Cap Weinberger and Wynton Hall Mon Jun 19, 12:30
Why do media refuse to report anything positive about the War on Terrorism?"
"Why haven't we heard more about the heroic actions of our military serving
"Why is the liberal media so intensely hostile to the efforts of our
soldiers, sailors, airmen, and marines?"
If you've thought or asked similar questions since the War on Terrorism
began, you're not alone. Indeed, it sometimes seems some in the mainstream media
have followed a single rule when reporting on our military and the War on
Terror: all negative, all the time.
After years of watching and reading coverage of the War on Terror, many
citizens, including us, have been awestruck by the lack of balance and
objectivity exercised by American reporters and news executives. The dearth of
hopeful or heroic stories reported has given viewers a lopsided perspective.
Case in point: the New York Times and their love affair with the
Ghraib prison abuses. To date, the New York Times has
devoted over 50 front page articles to the story! Currently, not a single
individual chronicled in our book, Home
of the Brave: Honoring the Unsung Heroes in the War on Terror, - some
of the most highly decorated members of the United States military - has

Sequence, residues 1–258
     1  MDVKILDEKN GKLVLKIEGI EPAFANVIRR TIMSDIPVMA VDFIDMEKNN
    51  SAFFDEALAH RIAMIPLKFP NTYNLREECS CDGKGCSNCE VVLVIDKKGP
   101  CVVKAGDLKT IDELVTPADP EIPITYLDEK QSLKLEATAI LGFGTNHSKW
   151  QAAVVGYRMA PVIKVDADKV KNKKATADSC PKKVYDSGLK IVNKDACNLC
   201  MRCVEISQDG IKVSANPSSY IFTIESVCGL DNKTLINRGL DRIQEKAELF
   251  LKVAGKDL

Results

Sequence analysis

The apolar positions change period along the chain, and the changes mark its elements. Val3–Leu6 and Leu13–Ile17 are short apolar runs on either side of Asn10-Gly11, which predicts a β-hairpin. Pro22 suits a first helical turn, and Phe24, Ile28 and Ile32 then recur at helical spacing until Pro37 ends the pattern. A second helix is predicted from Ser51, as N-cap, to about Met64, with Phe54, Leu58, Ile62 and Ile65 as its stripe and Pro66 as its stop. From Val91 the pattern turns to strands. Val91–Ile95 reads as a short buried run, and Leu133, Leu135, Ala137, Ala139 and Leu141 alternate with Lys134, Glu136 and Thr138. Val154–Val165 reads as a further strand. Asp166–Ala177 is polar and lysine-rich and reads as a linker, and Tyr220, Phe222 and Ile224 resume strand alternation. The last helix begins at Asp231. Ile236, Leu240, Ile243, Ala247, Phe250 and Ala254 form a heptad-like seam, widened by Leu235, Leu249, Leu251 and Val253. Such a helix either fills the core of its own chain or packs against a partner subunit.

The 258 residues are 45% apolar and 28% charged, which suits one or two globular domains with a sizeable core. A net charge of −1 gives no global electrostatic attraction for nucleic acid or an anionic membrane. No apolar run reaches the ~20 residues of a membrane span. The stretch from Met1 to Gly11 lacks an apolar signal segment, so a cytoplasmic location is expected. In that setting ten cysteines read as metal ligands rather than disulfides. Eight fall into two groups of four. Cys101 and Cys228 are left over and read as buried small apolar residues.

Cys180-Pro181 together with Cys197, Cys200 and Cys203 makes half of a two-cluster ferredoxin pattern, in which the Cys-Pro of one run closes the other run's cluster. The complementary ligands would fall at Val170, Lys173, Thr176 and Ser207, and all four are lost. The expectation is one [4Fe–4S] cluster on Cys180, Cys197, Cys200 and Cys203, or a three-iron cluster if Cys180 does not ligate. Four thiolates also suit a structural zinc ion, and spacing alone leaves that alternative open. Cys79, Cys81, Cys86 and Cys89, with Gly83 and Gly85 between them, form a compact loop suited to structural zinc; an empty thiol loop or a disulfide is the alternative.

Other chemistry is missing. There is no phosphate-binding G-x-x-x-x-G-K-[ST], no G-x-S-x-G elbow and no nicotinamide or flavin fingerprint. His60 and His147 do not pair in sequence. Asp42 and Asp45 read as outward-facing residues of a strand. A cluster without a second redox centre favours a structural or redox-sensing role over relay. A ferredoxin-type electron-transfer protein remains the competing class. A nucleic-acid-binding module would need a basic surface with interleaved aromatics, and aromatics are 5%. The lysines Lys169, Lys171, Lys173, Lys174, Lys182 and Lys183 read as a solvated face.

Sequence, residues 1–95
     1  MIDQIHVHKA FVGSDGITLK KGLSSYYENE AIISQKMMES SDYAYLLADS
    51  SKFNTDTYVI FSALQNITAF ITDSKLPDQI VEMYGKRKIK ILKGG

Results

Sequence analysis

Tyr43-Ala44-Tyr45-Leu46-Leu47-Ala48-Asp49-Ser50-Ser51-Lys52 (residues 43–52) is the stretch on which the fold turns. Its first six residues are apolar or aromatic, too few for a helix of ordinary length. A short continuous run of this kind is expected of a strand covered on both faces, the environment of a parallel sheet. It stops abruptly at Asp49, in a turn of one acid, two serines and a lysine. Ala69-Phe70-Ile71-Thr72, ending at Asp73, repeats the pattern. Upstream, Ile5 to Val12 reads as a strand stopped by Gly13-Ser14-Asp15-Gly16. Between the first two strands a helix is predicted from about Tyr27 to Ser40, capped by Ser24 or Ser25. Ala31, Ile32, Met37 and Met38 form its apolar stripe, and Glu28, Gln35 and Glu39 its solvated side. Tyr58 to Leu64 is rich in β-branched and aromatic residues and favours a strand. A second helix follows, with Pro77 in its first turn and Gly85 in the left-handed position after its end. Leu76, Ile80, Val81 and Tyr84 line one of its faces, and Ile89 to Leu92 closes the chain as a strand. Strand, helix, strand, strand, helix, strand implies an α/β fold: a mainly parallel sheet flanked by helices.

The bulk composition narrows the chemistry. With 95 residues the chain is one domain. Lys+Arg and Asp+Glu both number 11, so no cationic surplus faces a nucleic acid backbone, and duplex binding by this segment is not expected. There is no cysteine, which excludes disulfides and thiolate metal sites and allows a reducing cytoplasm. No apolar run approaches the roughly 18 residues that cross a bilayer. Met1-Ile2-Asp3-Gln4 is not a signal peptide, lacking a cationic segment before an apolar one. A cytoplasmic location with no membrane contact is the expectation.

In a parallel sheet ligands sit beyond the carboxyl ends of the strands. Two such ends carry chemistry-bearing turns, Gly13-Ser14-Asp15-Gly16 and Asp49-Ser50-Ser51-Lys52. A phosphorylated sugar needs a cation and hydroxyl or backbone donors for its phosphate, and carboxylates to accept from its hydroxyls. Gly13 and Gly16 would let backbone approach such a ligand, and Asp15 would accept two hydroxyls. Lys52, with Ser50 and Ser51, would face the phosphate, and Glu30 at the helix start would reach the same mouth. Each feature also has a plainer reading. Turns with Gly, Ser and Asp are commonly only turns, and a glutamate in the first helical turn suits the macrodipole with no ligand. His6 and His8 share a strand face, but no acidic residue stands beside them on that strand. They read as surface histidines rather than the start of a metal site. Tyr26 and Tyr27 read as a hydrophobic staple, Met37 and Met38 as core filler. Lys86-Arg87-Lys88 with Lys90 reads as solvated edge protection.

front-page story devoted to his or her valorous actions. Even when Sergeant
First Class Paul R. Smith was awarded the Congressional Medal of Honor, the best
the New York Times could muster was a story buried on page 13. A nation
that ignores or worse attacks its heroes erodes and disparages its own
Brent Bozell, president of the Media Research Center, has catalogued hundreds
of audacious quotes from leading reporters and media executives. Consider the
"The reason that the World Trade Center got hit is because there are
a lot of people living in abject poverty out there who don't have any hope for a
better life....I think they [the 19 hijackers] were brave at the very least." -
AOL Time Warner Vice Chairman and CNN founder Ted Turner in February 11 remarks
at Brown University, as reported by Gerald Carbone in the February 12, 2002,
Providence Journal. The next day, Turner issued a statement: "The
attacks of Sept. 11 were despicable acts. I in no way meant to convey
Headline: "Our Soldiers in Iraq Aren't Heroes."
"We should not bestow the mantle of heroism on all of them [American men and
women in uniform] for simply being where we sent them. Most are victims, not
heroes." - CBS News 60 Minutes commentator, Andy Rooney, writing for The
Buffalo News, April 12, 2004.
"We all know that one man's terrorist is another man's freedom fighter and
that Reuters upholds the principle that we do not use the word terrorist....To